This is how to support victims of domestic violence

It’s likely that employees will be hesitant in coming forward, so workplaces need to start by knowing how to recognise signs of abuse

This is how to support victims of domestic violence

New Zealand has one of the highest rates of family violence in the developed world, as one in three women experience domestic violence and one in six men experience sexual violence.

Moreover, it is estimated that there could be around 500,000 family violence victims in New Zealand, of which more than 40% are in paid employment.

In July, New Zealand passed legislation granting victims of domestic violence up to ten days’ paid leave a year and flexible working arrangements to help deal with the impacts of the violence.

From April next year, all victims of domestic violence will be able to get support from their employers without worrying about losing their jobs.

Indeed, companies have an important role to play in supporting women experiencing violence at home, according to Marcela Slepica, clinical director of AccessEAP.

Slepica added that work can often be a sanctuary away from abuse and all businesses have a duty to help assist these women by employing an action plan that makes them feel secure and supported.

It’s likely that victims will be hesitant in coming forward, so workplaces need to start by knowing how to recognise the signs of abuse.

In the lead up to White Ribbon Day (23rd November), a global movement to eradicate men’s violence against women, AccessEAP has developed a three-step guide to help businesses support those experiencing domestic violence or abuse.

Step 1: Recognise
When a woman is experiencing domestic violence, it is likely that her patterns of behaviour will change. Some behaviours to look out for may include;

  • Frequently arriving to work very early or very late
  • Frequent personal phone calls that leave the employee distressed
  • Difficulty concentrating and making decisions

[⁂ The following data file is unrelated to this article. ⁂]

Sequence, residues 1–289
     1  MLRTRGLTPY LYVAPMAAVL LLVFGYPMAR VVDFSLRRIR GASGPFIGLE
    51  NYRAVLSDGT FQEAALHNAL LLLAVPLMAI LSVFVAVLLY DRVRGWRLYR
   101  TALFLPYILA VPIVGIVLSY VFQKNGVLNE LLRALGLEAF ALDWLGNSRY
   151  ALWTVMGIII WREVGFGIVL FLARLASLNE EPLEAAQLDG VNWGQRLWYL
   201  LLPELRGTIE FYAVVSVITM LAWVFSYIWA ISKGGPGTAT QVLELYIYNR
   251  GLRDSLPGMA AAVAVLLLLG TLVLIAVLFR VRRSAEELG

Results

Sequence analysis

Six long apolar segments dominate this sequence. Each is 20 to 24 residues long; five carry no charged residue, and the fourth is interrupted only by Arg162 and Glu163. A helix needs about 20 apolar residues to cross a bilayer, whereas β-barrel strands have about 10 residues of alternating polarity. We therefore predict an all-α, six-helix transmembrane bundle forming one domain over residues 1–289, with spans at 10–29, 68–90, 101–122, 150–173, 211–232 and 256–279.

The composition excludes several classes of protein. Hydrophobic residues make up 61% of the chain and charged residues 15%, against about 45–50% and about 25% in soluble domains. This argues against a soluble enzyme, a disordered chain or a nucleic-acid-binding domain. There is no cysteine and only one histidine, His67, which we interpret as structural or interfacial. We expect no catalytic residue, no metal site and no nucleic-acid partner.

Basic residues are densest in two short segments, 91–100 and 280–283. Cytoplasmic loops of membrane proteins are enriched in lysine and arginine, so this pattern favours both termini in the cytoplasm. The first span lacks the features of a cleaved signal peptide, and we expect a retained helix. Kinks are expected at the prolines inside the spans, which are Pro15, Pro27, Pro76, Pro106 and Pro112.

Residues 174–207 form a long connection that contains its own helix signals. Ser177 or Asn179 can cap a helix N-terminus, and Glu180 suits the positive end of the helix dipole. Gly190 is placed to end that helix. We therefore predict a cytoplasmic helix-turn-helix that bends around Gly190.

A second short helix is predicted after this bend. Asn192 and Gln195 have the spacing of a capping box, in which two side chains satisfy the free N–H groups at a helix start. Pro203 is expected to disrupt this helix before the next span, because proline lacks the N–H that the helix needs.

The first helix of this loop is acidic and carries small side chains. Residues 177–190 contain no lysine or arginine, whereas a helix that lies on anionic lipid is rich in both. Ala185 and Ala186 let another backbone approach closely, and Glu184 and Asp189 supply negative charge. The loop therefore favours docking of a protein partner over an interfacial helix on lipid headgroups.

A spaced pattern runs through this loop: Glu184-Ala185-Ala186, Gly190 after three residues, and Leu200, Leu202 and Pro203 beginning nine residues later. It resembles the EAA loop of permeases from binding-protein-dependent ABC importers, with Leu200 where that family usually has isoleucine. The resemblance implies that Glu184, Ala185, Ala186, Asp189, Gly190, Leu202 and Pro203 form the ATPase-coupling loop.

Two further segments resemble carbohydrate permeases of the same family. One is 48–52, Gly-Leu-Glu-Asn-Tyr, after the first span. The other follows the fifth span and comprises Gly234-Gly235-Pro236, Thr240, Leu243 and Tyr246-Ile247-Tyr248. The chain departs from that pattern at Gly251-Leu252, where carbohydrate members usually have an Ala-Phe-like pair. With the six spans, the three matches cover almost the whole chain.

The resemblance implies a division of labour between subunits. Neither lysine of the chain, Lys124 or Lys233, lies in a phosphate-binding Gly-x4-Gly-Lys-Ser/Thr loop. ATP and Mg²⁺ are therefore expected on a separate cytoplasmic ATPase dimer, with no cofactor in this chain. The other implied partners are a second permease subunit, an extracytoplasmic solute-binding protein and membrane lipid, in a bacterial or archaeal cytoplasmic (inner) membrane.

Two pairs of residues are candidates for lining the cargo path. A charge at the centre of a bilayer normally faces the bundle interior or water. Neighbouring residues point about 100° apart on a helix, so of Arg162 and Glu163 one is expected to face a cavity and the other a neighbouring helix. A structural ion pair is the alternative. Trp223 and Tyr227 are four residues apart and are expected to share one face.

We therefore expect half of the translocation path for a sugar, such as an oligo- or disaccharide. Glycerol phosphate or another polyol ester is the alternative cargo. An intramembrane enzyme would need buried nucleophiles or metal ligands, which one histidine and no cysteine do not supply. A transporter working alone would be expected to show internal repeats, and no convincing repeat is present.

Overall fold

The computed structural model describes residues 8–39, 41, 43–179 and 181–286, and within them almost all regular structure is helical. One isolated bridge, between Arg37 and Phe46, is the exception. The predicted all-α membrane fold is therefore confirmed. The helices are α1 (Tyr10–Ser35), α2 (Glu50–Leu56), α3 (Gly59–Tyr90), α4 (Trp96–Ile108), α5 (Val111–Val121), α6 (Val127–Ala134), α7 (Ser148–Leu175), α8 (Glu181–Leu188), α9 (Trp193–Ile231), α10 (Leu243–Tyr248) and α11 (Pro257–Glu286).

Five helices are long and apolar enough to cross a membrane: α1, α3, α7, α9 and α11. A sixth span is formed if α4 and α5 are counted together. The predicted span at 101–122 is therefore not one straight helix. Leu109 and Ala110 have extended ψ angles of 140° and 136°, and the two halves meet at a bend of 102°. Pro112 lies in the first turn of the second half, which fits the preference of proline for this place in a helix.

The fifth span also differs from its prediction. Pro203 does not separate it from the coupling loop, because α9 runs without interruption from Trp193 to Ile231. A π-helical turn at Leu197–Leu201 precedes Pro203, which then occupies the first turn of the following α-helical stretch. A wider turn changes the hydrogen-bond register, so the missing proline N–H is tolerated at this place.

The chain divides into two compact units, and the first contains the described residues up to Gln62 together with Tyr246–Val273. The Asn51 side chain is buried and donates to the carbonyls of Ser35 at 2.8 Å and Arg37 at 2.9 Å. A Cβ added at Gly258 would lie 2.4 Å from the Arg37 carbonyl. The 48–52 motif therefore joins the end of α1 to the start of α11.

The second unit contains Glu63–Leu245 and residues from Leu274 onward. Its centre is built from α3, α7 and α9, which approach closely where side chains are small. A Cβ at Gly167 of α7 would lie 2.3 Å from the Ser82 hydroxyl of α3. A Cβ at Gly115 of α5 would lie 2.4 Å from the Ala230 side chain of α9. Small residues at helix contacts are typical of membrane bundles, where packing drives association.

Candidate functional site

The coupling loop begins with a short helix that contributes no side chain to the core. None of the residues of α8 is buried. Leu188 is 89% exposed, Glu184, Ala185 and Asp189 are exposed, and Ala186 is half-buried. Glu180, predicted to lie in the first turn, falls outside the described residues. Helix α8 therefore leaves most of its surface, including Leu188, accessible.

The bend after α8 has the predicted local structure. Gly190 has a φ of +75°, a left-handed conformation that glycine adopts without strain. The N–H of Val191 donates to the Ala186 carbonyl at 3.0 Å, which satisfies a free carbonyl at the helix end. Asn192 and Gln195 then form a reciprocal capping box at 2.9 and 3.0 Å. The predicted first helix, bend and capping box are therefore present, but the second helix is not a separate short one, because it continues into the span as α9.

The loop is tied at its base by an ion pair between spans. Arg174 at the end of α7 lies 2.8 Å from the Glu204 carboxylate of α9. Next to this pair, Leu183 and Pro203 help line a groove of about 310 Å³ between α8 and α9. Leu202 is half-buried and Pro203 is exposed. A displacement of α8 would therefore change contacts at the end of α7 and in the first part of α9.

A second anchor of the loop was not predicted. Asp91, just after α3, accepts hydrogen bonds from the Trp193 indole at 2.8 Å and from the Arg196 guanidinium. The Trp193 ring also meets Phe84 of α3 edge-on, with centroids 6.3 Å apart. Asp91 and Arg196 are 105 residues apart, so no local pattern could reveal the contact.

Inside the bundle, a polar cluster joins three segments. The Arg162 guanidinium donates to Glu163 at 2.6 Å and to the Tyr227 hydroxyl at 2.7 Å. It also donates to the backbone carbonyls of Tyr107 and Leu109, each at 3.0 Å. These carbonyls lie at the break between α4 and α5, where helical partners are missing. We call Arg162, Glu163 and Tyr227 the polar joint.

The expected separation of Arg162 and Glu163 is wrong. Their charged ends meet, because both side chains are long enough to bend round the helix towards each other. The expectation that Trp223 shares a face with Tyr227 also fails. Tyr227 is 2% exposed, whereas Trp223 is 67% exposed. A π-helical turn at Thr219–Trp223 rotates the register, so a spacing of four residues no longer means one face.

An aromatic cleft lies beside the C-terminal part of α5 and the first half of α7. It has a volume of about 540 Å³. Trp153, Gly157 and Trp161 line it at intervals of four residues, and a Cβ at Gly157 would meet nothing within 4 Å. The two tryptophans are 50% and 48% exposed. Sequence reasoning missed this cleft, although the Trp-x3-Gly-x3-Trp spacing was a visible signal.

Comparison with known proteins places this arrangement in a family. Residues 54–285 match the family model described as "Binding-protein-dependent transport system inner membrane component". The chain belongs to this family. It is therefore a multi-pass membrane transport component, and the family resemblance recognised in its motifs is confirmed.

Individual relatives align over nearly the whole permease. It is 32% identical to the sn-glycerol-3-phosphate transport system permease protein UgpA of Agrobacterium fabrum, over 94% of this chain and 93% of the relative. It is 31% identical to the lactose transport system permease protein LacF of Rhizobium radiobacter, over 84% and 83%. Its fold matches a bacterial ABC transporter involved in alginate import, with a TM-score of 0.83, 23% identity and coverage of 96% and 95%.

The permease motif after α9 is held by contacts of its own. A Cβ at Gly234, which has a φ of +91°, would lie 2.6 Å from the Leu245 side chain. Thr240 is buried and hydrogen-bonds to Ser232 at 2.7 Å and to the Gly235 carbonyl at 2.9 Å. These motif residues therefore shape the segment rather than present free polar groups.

• Not attending out of hours work functions or engaging socially with colleagues
  • Stress
  • Ill health and increased leave usage
  • Wanting to resign or relocate

Step 2: Respond
If someone has taken the difficult step of sharing their experience of violence or abuse, it is vital to respond in an appropriate and supportive manner.

Firstly, you should believe the person and listen without judging. Be supportive, encouraging, open and honest. There are also some practical considerations which will help make the person feel safer and more supported.

  • Screen their phone calls or install caller ID on their phone
  • Change their email address and remove their details from the organisation’s directories
  • Encourage the employee to alter their daily travel route
  • Arrange for priority parking close to the building entrance
  • Organise for them to be accompanied to and from their car
  • Alert key staff with full consent and ensure they are discreet at all times
  • Ensure employee’s workstation is not easily accessible for someone entering from outside

Step 3: Refer
While provisions such as additional leave, financial assistance and security measures will go a long way towards supporting women to remain in the workplace, other external assistance may also be required.

Referring employees to an expert domestic violence service can provide crisis counselling, information on crisis care facilities and refuges, information on domestic violence orders and court support and information on longer term counselling services.

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